Sure, it is winter time and there isn't anything at all in bloom today, and the chance of rain is good (I did get a bit wet!) but at the same time I might as well do what the garden themselves suggest and get the most out of my entrance fee - so I decided to not do the package tour with Victoria Clipper. Instead, I went there on my own, and arrived about 3 rather than the package tour time of 5.

The sheer number of lights was quite impressive, but there are a lot of pathways that you can walk down in the garden. To really see everything that is going on here, you really need to venture down a number of different side trails, and make several loops of the garden. Otherwise, parts of the garden that have decorations would be easy to miss.

By arriving before 4, it was possible to see some of the areas that had lights from a different angle than would be allowed after 4, as those areas were closed. For example, the sunken garden features an elevated viewing area which was closed for the Christmas lights event, but open before 4. The entire Japanese Gardens section was closed after 4 as well, and didn't feature any Christmas decorations - and considering the nature of the event probably it would be against the serenity tradition of the Japanese gardens to have a lot of loud animated sculptures at it.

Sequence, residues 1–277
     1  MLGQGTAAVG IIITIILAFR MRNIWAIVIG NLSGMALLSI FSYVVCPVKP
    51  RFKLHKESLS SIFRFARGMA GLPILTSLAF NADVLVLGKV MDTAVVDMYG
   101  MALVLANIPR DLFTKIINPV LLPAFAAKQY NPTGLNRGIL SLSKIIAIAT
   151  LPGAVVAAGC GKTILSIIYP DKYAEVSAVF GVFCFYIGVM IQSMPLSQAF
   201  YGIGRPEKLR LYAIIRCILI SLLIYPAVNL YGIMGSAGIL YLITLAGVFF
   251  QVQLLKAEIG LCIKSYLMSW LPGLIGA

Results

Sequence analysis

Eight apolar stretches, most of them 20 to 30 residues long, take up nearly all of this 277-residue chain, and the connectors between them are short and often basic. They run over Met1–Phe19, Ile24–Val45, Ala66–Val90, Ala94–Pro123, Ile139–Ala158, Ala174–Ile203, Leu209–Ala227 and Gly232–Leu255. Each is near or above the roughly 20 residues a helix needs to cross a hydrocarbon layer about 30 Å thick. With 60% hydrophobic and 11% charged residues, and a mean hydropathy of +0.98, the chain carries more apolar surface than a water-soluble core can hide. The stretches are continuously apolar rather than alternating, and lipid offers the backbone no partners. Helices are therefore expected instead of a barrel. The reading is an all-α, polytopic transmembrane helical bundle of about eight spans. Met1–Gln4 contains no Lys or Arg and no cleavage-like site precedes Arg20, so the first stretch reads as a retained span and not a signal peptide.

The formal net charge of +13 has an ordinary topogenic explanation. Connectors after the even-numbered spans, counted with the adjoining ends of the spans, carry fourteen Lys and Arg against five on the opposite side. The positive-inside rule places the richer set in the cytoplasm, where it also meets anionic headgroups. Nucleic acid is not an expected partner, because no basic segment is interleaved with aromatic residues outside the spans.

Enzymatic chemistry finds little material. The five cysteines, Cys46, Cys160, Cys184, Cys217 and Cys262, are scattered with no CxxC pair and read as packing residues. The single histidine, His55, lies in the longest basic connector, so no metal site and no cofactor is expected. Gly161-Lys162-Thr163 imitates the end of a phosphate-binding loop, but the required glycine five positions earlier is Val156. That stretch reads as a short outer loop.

This year, the light decoration theme was "12 Days of Christmas" and included decorations that matched the characters of the song. This included lighted wire forms, light forms, sculptures, and automated marionettes.

While it was a bit more difficult to get here than it would have been on the bus tour, I think it was well worth the extra effort to get here before the various parts of the garden closed for the evening. Darkness falls early here, and so staying in the garden also helped me to get some photos of the lights in partial light - which with a very light touchy camera is fairly important to do. Complete darkness with Christmas lights seem to make it very confused.

Getting Here:

VT member Goodfish pointed out this good page on the Buchart Gardens web site with all manner of instructions on how to get to the gardens. However, somehow while stumbling through their menu system, I did not find this page.